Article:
It should provide the appropriate schemas and modules to support business-to-business interaction. Moreover, these should be able to get seamlessly integrated with the existing ERP system to efficiently initiate a series of related actions; and
It should be based on an open architecture that can be easily extended to address alternative data formats and structures. To this direction, open and widely adopted standards should be preferred.
The design phase consisted of an architectural design and a detailed design sub-phases. During the former, the development team performed a description of the system in terms of its modules, while decisions about the strategies to be followed regarding client, server and middleware issues were taken. It was decided that the proposed framework should rely on two servers using the Microsoft's Windows 2000 Advanced Server operating system. One of them should stand for the system's front-end (Web server) running Microsoft's Commerce Server 2000 and BizTalk Server 2000 applications, while the other for the system's back-end (database) running SQL Server 2000 (the three-tier architecture of the proposed system is illustrated in Exhibit 4). In the sequel, detailed algorithms and data structures for each of the system's modules were developed (detailed design sub-phase). Certainly, some of these algorithms and structures had to be tailored or adapted to all constraints imposed by the previously decided implementation platform. In any case, database design for this platform was not a cumbersome task; logical mappings could be easily created from the previously specified data combination rules. Moreover, user interface design basically concerned the fine-tuning of some parts of the previously developed rapid prototype.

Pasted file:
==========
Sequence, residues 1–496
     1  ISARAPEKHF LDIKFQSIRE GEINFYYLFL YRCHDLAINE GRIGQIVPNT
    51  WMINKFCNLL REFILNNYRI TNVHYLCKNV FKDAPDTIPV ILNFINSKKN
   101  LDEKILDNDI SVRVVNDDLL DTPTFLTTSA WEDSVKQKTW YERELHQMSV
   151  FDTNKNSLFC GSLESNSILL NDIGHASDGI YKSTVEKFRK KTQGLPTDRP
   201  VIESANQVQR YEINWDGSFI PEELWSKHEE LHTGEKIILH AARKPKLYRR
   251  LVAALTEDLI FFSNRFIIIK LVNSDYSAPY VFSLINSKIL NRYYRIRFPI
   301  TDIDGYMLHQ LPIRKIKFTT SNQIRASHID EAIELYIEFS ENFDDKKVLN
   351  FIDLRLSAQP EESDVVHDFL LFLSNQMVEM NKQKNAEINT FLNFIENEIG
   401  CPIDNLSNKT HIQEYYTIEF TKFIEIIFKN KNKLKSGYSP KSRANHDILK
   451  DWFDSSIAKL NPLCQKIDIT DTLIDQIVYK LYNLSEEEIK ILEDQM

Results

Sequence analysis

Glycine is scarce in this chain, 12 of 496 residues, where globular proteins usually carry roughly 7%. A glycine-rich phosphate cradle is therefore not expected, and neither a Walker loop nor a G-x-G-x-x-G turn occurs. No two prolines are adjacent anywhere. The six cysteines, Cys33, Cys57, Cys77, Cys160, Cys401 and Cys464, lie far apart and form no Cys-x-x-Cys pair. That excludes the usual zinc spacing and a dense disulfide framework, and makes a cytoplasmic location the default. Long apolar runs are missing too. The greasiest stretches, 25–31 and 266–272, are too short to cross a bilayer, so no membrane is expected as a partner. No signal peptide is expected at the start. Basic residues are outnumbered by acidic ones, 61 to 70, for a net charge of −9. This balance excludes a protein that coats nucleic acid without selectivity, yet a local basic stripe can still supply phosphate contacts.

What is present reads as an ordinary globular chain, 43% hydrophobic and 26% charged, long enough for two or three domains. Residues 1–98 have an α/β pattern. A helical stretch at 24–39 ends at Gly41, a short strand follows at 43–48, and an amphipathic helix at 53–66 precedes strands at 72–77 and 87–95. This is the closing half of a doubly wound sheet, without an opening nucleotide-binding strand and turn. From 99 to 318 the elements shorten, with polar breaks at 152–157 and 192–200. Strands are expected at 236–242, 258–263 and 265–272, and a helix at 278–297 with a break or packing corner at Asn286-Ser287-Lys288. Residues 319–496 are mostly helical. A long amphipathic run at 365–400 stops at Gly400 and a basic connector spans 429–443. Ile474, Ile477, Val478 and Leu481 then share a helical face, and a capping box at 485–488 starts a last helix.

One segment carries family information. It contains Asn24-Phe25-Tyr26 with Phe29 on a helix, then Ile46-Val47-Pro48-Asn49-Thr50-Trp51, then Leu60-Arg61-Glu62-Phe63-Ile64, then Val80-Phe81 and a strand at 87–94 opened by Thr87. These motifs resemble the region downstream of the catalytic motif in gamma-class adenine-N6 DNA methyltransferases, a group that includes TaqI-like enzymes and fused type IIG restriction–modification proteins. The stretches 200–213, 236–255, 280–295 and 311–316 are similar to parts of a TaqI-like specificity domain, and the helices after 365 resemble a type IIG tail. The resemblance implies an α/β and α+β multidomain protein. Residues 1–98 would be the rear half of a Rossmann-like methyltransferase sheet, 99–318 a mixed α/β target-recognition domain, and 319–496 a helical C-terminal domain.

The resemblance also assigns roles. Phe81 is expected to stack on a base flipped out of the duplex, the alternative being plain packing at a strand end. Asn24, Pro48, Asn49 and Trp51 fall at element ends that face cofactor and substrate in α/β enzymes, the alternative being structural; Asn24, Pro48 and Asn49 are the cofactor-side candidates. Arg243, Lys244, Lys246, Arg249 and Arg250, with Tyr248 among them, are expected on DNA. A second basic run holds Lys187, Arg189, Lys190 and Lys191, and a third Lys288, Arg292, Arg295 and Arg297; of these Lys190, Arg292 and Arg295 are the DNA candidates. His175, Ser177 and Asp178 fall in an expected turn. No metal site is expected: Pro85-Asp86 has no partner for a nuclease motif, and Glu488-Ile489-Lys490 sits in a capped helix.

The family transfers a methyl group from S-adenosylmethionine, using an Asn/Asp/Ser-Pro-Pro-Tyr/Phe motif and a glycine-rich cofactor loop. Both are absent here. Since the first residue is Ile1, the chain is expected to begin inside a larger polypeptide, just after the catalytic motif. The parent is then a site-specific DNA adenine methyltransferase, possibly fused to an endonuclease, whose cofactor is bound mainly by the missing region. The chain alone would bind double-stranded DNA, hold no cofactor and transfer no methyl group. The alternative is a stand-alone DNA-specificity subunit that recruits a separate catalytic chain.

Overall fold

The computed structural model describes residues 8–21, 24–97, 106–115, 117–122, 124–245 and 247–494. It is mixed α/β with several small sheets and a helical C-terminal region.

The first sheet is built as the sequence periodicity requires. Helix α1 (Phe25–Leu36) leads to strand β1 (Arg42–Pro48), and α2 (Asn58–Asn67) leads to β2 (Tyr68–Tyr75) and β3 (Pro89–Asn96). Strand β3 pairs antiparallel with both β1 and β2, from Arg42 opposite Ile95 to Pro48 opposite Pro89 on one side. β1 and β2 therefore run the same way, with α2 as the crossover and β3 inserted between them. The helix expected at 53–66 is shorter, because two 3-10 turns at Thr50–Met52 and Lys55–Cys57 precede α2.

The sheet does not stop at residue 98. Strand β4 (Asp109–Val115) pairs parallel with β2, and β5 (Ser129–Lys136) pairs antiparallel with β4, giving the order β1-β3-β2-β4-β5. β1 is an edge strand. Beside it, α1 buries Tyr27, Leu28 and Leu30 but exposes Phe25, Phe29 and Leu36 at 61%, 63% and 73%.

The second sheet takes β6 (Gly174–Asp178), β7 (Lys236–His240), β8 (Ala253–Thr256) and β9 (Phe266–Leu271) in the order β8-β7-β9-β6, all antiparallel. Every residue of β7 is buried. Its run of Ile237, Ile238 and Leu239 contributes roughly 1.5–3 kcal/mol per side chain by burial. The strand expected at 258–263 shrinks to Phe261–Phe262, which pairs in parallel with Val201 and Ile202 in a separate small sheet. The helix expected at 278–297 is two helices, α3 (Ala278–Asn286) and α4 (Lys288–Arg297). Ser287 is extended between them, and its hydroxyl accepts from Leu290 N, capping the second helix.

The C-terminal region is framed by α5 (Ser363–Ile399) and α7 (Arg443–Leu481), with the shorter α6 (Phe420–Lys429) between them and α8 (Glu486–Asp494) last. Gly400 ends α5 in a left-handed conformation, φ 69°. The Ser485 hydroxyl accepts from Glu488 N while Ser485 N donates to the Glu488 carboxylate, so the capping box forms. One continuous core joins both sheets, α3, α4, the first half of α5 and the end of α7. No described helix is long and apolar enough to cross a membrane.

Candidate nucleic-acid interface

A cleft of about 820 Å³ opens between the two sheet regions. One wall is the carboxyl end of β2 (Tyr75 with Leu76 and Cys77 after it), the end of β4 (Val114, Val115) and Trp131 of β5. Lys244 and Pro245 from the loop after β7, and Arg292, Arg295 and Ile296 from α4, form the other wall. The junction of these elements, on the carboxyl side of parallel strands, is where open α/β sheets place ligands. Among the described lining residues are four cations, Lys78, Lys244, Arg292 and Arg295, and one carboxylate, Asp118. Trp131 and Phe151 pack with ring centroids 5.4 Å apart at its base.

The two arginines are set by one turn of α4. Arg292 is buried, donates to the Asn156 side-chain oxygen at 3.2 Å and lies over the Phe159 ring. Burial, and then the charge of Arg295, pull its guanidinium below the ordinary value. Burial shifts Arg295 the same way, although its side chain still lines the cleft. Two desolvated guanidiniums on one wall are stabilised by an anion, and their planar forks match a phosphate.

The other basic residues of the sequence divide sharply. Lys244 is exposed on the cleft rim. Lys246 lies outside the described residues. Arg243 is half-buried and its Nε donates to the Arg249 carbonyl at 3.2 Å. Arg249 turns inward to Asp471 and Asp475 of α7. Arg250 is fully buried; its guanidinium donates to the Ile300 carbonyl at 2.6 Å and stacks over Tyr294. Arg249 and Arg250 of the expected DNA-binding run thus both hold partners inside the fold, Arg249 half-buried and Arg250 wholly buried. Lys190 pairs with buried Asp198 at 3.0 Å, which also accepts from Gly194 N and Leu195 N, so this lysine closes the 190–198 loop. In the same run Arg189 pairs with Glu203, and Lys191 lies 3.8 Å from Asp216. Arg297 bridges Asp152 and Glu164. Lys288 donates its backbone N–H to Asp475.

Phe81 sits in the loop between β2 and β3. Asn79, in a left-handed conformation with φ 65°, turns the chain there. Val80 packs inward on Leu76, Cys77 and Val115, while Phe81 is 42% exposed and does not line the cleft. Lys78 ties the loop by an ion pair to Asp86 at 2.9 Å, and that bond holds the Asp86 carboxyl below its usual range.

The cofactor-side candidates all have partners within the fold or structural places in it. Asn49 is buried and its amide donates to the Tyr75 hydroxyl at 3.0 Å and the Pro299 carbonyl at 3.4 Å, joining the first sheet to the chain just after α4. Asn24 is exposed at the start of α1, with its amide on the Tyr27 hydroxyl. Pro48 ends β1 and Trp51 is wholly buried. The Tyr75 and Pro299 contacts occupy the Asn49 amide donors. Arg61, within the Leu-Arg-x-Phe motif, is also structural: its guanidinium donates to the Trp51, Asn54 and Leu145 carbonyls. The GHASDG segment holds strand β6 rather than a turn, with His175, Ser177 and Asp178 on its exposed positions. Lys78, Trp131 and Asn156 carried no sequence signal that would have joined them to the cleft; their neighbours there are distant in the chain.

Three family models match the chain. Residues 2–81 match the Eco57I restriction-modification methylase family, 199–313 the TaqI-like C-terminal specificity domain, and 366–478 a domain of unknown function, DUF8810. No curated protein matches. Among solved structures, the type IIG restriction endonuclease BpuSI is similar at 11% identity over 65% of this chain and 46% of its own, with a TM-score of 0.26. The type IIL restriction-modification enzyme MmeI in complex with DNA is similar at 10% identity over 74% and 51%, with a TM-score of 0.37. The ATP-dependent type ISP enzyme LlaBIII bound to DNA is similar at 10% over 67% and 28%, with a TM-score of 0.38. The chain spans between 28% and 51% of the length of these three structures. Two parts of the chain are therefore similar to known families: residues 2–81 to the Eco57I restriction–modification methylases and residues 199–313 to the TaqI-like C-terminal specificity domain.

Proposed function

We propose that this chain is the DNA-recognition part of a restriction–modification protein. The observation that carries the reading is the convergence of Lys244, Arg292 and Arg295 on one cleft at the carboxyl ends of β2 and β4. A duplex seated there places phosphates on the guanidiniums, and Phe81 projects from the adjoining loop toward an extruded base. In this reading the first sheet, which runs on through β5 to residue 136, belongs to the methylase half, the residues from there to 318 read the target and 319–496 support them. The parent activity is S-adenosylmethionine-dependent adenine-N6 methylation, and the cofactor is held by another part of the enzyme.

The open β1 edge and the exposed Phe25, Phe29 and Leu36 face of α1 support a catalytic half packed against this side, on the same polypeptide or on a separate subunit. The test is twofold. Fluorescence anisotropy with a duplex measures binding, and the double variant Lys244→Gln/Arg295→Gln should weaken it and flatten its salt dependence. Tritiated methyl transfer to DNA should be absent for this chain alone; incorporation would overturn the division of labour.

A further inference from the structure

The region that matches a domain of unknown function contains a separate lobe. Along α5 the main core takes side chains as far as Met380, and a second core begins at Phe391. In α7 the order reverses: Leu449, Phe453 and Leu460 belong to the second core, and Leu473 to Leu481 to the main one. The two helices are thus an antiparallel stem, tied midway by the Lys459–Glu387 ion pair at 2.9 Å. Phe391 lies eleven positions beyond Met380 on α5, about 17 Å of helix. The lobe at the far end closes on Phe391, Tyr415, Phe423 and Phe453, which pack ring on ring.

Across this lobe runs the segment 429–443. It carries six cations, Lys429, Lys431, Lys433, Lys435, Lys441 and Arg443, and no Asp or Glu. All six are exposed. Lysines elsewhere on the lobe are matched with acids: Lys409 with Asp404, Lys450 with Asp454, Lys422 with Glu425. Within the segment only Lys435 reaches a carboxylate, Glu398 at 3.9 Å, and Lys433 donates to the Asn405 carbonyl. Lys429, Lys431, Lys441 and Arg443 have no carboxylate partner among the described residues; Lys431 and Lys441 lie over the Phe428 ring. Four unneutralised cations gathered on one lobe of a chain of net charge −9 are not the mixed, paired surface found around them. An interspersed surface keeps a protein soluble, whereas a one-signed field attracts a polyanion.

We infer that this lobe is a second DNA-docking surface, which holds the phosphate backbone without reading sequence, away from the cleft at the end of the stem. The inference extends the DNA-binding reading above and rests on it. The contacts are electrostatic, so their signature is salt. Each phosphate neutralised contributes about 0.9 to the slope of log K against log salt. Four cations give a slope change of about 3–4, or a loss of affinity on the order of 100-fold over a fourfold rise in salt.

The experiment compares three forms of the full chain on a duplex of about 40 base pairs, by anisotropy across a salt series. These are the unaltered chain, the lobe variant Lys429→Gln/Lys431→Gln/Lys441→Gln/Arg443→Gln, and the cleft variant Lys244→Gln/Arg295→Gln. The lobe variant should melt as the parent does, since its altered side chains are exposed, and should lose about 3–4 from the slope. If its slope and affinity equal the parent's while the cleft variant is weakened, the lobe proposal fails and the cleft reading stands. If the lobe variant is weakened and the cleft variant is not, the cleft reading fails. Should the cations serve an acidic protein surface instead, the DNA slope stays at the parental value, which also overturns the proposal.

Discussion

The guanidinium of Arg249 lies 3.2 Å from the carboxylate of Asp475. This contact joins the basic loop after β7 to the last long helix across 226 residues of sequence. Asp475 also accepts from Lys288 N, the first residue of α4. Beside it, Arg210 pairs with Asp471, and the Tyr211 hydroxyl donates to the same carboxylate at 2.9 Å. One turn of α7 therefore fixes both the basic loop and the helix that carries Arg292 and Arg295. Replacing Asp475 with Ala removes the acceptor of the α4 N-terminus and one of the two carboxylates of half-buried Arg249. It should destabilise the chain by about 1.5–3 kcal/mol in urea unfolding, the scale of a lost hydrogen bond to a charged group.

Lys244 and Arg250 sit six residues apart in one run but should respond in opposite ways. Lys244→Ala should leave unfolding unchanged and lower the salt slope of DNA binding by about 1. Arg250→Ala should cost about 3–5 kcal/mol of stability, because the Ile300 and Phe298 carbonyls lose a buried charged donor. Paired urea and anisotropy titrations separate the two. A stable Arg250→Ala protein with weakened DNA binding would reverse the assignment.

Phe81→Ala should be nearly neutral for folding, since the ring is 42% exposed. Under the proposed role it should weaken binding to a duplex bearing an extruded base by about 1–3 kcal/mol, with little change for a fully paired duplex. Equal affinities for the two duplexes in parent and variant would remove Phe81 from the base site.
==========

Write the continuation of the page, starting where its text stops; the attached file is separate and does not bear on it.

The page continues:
Exhibit 4: The Architecture of the Proposed System
XML (eXtensible Markup Language), developed by the World Wide Web Consortium (W3C, see http://www.w3c.org), can efficiently aid companies embarking on e-business, in that it provides the appropriate data format for the related applications (Glushko et al., 1999). More specifically, XML may convey both the contents and structure of a business document, and it has rapidly imposed itself as a popular format for representing business transactions on the Web. At the same time, it is fully flexible, in that it allows a company to set up the document structure that best fulfills its business needs. The structure of an XML document can be formally described in a Document Type Definition (DTD) or an XML schema, whereas appropriate software tools can validate an XML document against a DTD or a schema definition. In addition, the IS Division's manager was aware that a series of industrial standards and tools have been already developed around the XML syntax.